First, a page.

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Discussion Starter #1 (Edited)
There have been a few threads that have touched on the depreciation of the 12c lately. For myself, I'm in the 'hoping to become an owner' category, so I've been keeping a fairly close eye on the depreciation, and trying to compare it to other cars. This has proven to be fairly hard to do since all super cars have a laundry list of options which all mess with the residuals. In my digging around, I found 'http://www.whatcar.com/car-depreciation-calculator' which, as the link implies, is a depreciation calculator... Not entirely sure how accurate it is, but for comparison, here are some of what it states (in GBP)... The McLaren numbers (in USD) are ones I did based on the averages for the models cited;

Year 0 Year 1 Year 2 Year 3 Year 4
Ferrari 458 Coupe 4.5 V8 Italia 2dr £178,461 £163,274 (8.5) £135,559 (17) £112,627 (17) £97,582 (13%) Total: 45%
Rolls-Royce Ghost Saloon 6.6 V12 4dr £200,500 £164,992 (17.5) £136,982 (17) £113,824 (17) £98,606 (13%) Total: 51%
Lamborghini Gallardo Coupe 5.2 V10 LP570-4 Superleggera 2dr £183,948 £86,549 (53) £71,501 (17) £58,825 (17) £47,650 (19%) Total: 74%
Bentley Continental GT Convertible 4.0 V8 2dr £136,250 £106,193 (22) £88,181 (17) £73,248 (17) £63,465 (14%) Total: 54%
Aston Martin Vantage Coupe 5.9 V12 2dr £135,000 £75,840 (44) £66,999 (12) £58,473 (14) £50,918 (12%) Total: 62%
Audi R8 Coupe 5.2 FSI 525 V10 2dr £113,810 £93,893 (18) £77,960 (17) £64,792 (17) £56,131 (14%) Total: 51%
------ ---- ---- ----- ----
AVG Depreciation: 27% 16.2% 16.5% 14.2% 56.2%

McLaren MP4-12c (using avg depreciation and USD) $240000 $175200 (27) $146800 (16.2) $122600 (16.5) $105171 (14.2)
McLaren MP4-12c (using avg less Aston and Lambo, USD) $240000 $200400 (16.5) $166300 (17) $138000 (17) $119400 (13.5)

For the folks that have recently bought a used, 'Qualified', or inventory clearance car, do these prices seem about right? Has anyone seen meaningful discounting down from these prices?

-nh4.
 

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Discussion Starter #2 (Edited)
That didn't paste correctly at all... I'll see if I can fix it.

Sometime later....

I couldn't fix it... Anyone know if there is a way to insert raw HTML into the thread posts? There is an option to surround text with HTML tags, but that didn't seem to work.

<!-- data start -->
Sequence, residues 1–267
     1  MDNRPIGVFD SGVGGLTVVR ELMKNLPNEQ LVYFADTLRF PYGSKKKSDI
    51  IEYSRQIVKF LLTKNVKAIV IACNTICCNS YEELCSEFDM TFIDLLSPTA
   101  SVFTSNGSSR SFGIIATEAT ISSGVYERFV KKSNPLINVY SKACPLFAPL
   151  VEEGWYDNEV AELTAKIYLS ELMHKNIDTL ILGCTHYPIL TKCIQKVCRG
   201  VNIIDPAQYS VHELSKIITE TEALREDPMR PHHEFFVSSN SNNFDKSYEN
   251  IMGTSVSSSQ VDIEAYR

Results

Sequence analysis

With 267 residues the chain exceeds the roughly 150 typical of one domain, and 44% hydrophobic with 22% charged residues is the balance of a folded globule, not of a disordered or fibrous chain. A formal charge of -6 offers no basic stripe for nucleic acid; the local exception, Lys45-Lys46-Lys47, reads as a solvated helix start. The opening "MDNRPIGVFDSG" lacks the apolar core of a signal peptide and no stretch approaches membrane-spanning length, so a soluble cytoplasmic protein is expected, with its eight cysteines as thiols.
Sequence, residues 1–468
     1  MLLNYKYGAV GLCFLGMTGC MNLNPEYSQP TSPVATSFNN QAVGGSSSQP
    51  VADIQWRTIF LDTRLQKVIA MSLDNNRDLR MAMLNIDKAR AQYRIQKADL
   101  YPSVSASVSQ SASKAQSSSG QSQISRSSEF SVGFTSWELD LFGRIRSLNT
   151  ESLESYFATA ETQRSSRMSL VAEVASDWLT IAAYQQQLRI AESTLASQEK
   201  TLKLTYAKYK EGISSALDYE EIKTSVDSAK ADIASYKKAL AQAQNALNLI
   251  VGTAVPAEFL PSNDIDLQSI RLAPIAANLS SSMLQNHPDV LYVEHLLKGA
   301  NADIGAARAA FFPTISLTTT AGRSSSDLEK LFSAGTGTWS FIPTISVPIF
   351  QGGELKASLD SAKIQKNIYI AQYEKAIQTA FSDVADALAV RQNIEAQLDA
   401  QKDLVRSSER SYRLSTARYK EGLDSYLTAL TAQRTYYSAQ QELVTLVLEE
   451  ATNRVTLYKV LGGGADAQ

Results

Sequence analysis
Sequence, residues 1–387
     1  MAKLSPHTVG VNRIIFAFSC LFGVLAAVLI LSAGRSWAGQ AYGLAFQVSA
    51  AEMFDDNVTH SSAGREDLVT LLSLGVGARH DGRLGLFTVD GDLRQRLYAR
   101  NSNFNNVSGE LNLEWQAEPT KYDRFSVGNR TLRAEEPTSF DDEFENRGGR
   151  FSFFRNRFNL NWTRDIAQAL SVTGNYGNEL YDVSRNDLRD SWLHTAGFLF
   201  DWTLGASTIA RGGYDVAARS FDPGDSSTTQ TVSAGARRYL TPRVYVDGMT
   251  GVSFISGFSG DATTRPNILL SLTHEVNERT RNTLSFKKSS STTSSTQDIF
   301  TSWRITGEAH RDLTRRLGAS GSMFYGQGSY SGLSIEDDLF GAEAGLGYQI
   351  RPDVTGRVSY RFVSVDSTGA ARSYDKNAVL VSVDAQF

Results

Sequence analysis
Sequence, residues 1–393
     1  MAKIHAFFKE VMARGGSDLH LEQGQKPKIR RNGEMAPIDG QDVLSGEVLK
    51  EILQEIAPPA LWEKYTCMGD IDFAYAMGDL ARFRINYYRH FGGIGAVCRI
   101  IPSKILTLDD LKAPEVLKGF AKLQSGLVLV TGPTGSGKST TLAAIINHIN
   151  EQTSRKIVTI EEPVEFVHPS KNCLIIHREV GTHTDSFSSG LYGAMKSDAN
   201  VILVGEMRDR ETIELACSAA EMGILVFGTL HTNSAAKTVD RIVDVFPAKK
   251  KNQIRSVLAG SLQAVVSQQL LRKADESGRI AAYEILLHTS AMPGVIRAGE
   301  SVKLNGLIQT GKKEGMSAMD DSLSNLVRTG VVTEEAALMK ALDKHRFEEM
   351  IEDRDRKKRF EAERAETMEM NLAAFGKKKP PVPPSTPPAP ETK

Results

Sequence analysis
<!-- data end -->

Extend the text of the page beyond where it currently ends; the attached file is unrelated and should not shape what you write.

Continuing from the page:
-nh4.
 

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I'm in the same category as an aspiring owner, would be interested in seeing how the prices fluctuate in years 3-4.

The Lambo numbers don't look right... I'd gladly trade my Vantage for a Superleggera if I can see those prices....
 

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Discussion Starter #4
Yeah, I agree, I'm not sure of the quality of some of these numbers and I find it hard to believe that the Lambo would drop 53% in a year. I also thought that the Aston first year of depreciation showing 44% seemed a bit steep. The last numbers I put together in the table I can't get to space right above took those two out of the equation. Averaging out the Ferrari, Rolls, Bentley, and Audi came out with the following depreciation rate:

Year 1: 16.5%
Year 2: 17%
Year 3: 17%
Year 4: 13.5%

Total: 50%

That comes out to:

McLaren MP4-12c :: MSRP: $240000
Year 1: $200400
Year 2: $166300
Year 3: $138000
Year 4: $119400

regards,

-nh4.
 

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The above nos don't look right to me.

I can how ever inform you of my own experience.

A 12C coupe after 12 months and 8 k miles if brought at list will lose 80k
A 12C-SP with a list of 260k will loose 52k, after 500 miles and 2 months
A 12C SP with 1200 miles and 4 months old will lose 47k.
 

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Discussion Starter #6
Thanks for the data points, citylad.

That works out to 20% hit on the Spider with 500 miles / 2 months, and about 18% on the 1200 miles / 4 month old one (if it also started at 260k).

If you don't mind my asking, what was the initial cost and options on the coupe? If you'd rather PM, feel free... If you'd rather not say, no worries.

-nh4.
 

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Still waiting on my crystal ball from MSO with carbon trim ($765,000.00) but I can share what I've noticed from glancing at cars.com periodically.

The number of 12Cs listed seemed to peak a few months ago around 80 cars (many with delivery miles) and has since steadily decreased. Now around 50 something I believe, including spiders and 2013 coupes, and very few with delivery miles. Seems to indicate that the glut of 2012 coupes is pretty much dried up, unless they just aren't being listed anymore (which I doubt).

For reference in the same time period the number of 458 coupes and spiders listed has ballooned from around 100 to roughly 200 cars.
 

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Coupe was 208, free IRIS back then, list now 218. Mc Orange, Sports ex. CCBs, and few other bits, that are must haves.
 

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IMO there are no must-have options on cars like these. You'll never make your money back on any of the options. The more you spec, the more you'll lose.
 

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Having thought about it some, I think the best opportunity to buy this car (in the U.S. at least) may have already passed. Reason being that the biggest price drop over time has probably already occurred. The cars will still depreciate, but if the curve flattens somewhat, then any incremental money saved has to be weighed against the remaining dwindling warranty period. The Corvette is a nice low risk car to own out of warranty. These British, Italian and German diva types, not so much. If you blow the M838T engine or Graziano DCT, out of warranty, you're gonna wish you bought new and took the depreciation after 3 years because at least you would have been able to drive the car.